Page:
Existential Musings in Computational Mechanics

Rainald Löhner


Computational mechanics has seen tremendous advances in the last 40 years. Besides traditional experiments and simple analysis, it has become a third pillar throughout the engineering design and analysis process. Nevertheless, it is never a mistake to question the current state of the art and see what could and should be improved, and how competitors are evolving. The talk will summarize the main worldwide efforts in the field of computational mechanics during the last 40 years, and then explore the "existential questions" facing this field today. These include: Given recent advances in experimental techniques and fast prototyping via 3-D printing: is computational mechanics still competitive? Are there fields where computational mechanics is not predictive, i.e. where it has not been able to provide reliable answers? Is too much effort devoted to achieving top speeds on ever more complex HPC systems versus development of better physics models? What are the inherent limits of high order methods? What are the inherent limits of reduction methods such as Proper Orthogonal Decomposition (POD) and Proper Generalized Decomposition (PGD)? Are we "thinning out at the High Performance Computer (HPC)" top end, i.e. are we facing a situation where less and less codes, and hence less and less users can achieve top speeds on HPC systems? Which current and foreseeable hardware barriers need to be broken in order to increase fidelity and predictability in computational mechanics? Is the current academic environment promoting the talent required to move computational mechanics to the next level? Is the current government funding emphasis conducive to increased understanding and modeling?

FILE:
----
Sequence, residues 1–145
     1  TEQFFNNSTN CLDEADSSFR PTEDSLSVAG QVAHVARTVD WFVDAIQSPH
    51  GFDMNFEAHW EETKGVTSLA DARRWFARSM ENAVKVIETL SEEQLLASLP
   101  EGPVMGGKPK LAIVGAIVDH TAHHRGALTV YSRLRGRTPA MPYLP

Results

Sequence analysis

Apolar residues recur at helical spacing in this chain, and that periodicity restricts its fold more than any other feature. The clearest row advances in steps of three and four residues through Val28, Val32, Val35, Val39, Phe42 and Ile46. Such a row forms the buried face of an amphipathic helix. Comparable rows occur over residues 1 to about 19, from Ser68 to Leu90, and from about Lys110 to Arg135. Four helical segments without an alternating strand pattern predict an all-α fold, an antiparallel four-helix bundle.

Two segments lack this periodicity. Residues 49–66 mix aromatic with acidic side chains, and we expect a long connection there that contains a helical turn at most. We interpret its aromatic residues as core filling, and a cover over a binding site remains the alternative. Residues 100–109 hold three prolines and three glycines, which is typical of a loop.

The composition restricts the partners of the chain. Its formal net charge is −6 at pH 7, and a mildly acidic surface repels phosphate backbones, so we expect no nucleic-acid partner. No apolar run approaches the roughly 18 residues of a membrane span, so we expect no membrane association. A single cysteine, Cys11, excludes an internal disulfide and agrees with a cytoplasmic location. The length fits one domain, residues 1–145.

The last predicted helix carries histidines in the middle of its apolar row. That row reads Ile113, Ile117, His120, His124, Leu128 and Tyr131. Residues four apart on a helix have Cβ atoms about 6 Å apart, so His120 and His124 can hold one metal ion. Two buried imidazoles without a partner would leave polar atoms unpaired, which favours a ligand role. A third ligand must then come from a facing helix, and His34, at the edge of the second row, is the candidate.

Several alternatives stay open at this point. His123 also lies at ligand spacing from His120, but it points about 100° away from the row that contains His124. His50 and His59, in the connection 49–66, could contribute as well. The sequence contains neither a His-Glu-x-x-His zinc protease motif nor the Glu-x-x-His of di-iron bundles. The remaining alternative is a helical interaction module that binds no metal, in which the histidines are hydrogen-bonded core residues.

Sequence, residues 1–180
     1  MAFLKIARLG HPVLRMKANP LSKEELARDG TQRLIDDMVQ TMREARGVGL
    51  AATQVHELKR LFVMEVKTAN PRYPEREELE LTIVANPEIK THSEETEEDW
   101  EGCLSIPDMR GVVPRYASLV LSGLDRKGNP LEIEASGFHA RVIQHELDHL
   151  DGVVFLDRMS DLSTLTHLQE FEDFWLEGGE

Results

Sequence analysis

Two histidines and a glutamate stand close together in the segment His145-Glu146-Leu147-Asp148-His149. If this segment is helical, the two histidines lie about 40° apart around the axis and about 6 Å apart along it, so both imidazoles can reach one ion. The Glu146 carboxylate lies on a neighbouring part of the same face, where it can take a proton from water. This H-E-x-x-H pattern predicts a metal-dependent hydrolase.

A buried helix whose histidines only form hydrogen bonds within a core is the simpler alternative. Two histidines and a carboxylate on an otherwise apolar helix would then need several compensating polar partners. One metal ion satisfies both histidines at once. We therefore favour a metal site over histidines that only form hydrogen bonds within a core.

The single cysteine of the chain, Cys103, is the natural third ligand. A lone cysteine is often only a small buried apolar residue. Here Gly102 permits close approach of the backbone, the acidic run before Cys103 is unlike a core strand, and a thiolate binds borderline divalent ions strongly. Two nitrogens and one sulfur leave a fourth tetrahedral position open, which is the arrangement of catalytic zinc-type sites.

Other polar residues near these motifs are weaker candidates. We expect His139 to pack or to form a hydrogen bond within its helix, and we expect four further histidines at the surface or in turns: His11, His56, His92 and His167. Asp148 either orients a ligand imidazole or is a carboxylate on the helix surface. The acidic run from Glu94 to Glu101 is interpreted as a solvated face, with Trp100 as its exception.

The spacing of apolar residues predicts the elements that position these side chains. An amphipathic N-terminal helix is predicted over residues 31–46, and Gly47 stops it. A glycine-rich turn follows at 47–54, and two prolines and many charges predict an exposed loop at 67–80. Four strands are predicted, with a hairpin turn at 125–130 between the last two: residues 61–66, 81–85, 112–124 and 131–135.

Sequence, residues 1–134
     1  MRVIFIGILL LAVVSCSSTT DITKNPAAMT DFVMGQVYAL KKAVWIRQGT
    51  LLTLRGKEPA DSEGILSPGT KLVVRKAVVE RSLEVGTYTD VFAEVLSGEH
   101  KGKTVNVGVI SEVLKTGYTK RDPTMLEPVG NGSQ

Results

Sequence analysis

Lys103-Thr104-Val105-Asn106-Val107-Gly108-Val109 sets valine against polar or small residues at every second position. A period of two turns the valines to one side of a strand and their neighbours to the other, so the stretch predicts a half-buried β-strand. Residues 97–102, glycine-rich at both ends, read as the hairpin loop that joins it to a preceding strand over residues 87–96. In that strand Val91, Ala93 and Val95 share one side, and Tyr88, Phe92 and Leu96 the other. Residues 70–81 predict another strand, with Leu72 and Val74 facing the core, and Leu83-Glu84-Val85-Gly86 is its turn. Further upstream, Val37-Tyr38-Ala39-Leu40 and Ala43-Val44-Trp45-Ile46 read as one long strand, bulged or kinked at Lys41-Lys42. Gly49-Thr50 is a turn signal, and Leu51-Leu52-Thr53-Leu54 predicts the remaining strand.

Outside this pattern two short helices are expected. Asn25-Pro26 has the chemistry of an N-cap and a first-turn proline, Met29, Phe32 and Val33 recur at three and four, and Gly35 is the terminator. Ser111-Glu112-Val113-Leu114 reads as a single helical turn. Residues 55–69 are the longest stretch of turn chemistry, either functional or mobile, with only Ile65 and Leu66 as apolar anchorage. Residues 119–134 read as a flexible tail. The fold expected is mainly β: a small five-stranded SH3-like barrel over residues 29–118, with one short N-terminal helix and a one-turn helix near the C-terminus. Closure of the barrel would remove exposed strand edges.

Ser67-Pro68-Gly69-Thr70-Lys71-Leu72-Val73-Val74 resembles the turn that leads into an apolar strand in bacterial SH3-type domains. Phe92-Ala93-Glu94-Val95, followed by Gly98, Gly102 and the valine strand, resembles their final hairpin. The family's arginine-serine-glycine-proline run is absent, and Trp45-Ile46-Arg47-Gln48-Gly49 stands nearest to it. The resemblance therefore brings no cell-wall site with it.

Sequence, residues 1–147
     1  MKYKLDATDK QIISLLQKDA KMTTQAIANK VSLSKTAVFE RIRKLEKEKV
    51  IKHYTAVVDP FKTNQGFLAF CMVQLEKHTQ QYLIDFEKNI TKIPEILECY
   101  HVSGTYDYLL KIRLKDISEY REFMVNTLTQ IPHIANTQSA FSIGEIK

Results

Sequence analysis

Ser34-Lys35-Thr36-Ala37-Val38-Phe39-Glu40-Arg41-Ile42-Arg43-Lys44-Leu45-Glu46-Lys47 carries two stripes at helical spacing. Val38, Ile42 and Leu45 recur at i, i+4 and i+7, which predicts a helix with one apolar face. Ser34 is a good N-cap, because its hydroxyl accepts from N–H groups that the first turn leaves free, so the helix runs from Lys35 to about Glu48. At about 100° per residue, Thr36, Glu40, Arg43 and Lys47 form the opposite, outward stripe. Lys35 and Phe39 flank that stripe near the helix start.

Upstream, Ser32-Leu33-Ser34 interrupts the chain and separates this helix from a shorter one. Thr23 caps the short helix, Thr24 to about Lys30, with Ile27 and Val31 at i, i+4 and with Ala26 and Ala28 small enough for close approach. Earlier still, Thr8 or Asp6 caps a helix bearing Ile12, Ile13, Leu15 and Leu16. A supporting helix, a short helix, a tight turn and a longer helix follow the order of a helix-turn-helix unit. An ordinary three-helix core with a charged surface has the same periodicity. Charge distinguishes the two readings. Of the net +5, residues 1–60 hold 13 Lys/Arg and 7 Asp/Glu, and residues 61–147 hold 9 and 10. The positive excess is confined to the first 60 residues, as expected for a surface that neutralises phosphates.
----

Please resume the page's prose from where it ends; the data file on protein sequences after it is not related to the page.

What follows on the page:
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Asociación Argentina de Mecánica Computacional
Güemes 3450
S3000GLN Santa Fe, Argentina
Phone: 54-342-4511594 / 4511595 Int. 1006
Fax: 54-342-4511169
E-mail: amca(at)santafe-conicet.gov.ar
ISSN 2591-3522